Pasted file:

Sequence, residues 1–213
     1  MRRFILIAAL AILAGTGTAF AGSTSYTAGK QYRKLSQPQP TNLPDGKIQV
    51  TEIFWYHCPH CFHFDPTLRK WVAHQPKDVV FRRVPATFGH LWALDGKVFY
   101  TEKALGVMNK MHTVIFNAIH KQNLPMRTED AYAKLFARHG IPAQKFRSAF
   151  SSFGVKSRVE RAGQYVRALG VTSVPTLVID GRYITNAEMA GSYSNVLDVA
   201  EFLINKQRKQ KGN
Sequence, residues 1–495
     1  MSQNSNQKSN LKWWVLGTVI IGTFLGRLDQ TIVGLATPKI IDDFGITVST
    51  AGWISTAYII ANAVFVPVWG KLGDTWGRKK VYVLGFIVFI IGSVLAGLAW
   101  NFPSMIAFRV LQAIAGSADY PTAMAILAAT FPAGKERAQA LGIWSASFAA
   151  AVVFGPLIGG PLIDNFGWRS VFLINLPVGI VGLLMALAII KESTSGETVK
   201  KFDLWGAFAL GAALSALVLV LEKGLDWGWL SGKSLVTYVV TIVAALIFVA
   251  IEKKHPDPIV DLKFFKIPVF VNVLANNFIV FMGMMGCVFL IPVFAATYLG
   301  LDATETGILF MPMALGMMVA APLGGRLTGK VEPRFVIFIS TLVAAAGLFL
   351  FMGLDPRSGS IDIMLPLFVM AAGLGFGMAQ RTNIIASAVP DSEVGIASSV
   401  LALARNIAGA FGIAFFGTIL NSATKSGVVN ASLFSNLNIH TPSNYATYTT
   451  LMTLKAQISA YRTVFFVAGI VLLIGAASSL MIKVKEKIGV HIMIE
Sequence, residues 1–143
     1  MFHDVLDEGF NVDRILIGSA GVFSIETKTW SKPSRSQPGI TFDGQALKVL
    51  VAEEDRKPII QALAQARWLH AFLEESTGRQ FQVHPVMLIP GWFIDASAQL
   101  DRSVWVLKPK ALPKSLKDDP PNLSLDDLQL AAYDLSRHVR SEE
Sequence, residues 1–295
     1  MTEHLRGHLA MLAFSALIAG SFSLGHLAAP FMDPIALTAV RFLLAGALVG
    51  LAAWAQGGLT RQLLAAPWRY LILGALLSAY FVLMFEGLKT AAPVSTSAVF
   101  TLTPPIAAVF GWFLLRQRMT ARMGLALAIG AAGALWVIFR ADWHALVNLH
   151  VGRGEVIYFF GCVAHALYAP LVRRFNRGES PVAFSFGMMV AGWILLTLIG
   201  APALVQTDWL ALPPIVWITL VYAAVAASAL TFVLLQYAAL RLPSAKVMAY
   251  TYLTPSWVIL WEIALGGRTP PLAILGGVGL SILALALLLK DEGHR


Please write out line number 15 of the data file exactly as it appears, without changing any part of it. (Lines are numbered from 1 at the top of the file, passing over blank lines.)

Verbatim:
   351  FMGLDPRSGS IDIMLPLFVM AAGLGFGMAQ RTNIIASAVP DSEVGIASSV